The purple sapphire is often confused for amethysts. Amethyst is a variety of quartz with a similar purple color. However, amethyst only registers at seven on the Mohs hardness scale. The sapphire, on the other hand, registers at 9, which is only a step below diamond. For daily wear, you are better off choosing sapphires as they are less prone to chipping, cracking, or scratches.

While many varieties of sapphire need to be heat-treated to improve their hue and saturation, purple sapphires tend to naturally hold good saturation of color without any further treatment. For this reason, they tend to be highly prized and can be slightly more expensive than their treated cousins.

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Sapphire Carat Weight and Size

The value of these highly desired precious stones is measured by weight and density. Gems vary in density, meaning that even if a diamond has the same carat weight as a sapphire, they are visually different sizes. Because sapphires tend to be heavier, a one carat sapphire is generally slightly smaller in size than a one carat diamond.

For ease of selection and setting, size is a more useful measurement than carat. We list gemstone sizes in millimeters (mm). Our standard size for a round sapphire is 6 mm, which is approximately one carat.

Sapphires of different shapes compare differently in carat weight and mm size. So, depending on the shape, what size is a one carat sapphire?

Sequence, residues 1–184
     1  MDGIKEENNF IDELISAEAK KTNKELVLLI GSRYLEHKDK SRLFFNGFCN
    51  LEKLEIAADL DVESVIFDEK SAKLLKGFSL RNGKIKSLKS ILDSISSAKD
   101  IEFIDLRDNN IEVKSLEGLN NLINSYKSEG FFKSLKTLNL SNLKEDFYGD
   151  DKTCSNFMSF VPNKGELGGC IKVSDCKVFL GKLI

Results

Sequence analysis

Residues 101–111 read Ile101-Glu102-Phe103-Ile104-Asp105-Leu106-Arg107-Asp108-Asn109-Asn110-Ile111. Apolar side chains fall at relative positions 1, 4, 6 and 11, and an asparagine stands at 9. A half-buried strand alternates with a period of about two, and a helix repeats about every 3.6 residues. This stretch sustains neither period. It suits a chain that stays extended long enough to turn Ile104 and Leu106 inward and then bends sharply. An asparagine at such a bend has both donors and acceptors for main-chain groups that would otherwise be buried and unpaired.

Sapphire Cut

A personalized cut is crucial to bringing out the unique personality of a sapphire. Unlike diamonds, there are no standard "ideal" cuts for sapphires, as each individual sapphire crystal must be custom cut to help the finished gem display the best color and brilliance.

Color can display in different proportions throughout a rough natural sapphire. Cutters must consider how best to orient the stone and cut facets into the stone to best reflect the sapphire's exceptional color through the table or the top of the stone. Thus, a well-cut sapphire displays the color of the gemstone to its best ability while still enhancing luster and brilliance.

Often, gemstones exhibiting a lighter tone of color will be cut deeper to add dimension and intensity to the color reflected through the table. A sapphire of a very dark color will likely be cut shallower to allow more light to reflect within the gemstone, softening and brightening the color. Both methods enhance a sapphire's unique beauty.

Regardless of the shape of the sapphire, the edges should be symmetrical and even. The facets on the top of the gem, the "crown," should be even in size, shape, and location. The largest facet on the top of the crown, known as the table, will be symmetrical in shape and well-centered. When the sapphire is rocked and tilted, it should produce bright color flashes as it moves, with no dull spots present.